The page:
Why Do We Need to Improve Livestock Productivity in Africa?

Africa’s present population of 1.25 billion people would increase to about 2.4 billion by 2050 [5]. This development means that the present livestock numbers would not be able to meet the growing requirements of Africans for livestock products unless the productivity of the animals and poultry are greatly enhanced. Furthermore, the efficiency of resource use in the form of water, feed, and housing of the animals themselves needs to improve as there will be greater competition for these resources. If resource-use efficiency is achieved, it should lead to lesser soil and water pollution, lower emission of greenhouse gases and higher incomes for livestock farmers in Africa. Also, the level of profitability of livestock farms will increase with a shorter putthrough time for livestock animals and poultry during the rearing period. It has also been established that increased urbanization and incomes lead to a preference for proteins of animal origin. Africa’s level of urbanization is projected to triple from 395 million in 2010 to about 1.34 billion in 2050 [6]. The demand for livestock and poultry products would increase sharply with this projection and therefore calls for the attainment of higher levels of livestock productivity in Africa. It is also projected that many African countries would move from low-income to middleincome countries in the foreseeable future. With the growth in income, their demand for livestock products would increase and would have to be met with improved livestock productivity in Africa.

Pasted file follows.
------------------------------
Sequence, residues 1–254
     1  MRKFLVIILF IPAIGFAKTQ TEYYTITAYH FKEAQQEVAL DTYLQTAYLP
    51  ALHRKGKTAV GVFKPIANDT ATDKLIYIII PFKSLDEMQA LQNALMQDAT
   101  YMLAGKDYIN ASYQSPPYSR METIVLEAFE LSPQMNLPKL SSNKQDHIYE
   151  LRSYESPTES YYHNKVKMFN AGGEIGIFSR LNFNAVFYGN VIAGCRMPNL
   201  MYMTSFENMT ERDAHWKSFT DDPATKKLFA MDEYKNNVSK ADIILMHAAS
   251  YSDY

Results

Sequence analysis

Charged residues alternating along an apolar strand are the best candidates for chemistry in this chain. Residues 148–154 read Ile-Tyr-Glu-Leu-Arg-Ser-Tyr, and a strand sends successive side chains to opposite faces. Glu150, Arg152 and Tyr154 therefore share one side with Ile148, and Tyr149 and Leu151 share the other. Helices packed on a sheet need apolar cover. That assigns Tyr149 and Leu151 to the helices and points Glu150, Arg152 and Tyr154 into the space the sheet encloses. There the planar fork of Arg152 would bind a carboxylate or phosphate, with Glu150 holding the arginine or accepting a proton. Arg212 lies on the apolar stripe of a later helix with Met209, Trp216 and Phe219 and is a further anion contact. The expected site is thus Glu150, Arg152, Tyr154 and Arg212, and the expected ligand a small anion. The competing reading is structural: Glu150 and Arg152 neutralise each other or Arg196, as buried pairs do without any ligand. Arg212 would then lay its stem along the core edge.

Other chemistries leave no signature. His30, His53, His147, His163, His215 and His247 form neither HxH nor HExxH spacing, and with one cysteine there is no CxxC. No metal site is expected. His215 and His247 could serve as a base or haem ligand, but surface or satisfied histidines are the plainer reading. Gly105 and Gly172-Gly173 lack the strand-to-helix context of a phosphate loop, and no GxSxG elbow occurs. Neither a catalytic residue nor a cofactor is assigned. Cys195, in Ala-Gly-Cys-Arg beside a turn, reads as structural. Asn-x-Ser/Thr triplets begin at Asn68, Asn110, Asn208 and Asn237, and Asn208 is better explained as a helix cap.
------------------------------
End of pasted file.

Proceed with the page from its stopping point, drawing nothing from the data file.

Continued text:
Strategies for Boosting Livestock Productivity in Africa

Animal feeds and feeding

Gro Intelligence [7] has given the number of ingredients available in the world that can be utilized in feeding livestock animals and poultry as 900. Of this number of ingredients, there is the need to select not only those that are cheaper but also better in terms of their nutrient availability to livestock animals and poultry. Africa boosts of rich and diverse forms of feed ingredients that can be used in feeding livestock animals [8]. The level of digestibility and nutrient availability of most of these feed ingredients have been determined and published. A good place where such information can be obtained is, a website which is updated daily by CIRAD, FAO, and other partners. Pastures would have to be developed using grass, shrubs and leguminous crops that are not only high-yielding but also can withstand frequent inclement weather as a result of climate change. New advances in feeding livestock animals and poultry are being discovered year after year. It is now possible through microencapsulation to provide nutrients to livestock animals and poultry at exactly the level needed for optimal function, leading to less wastage of feed nutrients during feeding. Various enzymes, probiotics, and prebiotics have also been discovered that aid digestion and the process of nutrient utilization and availability in feeding livestock animals [9].

Disease prevention and control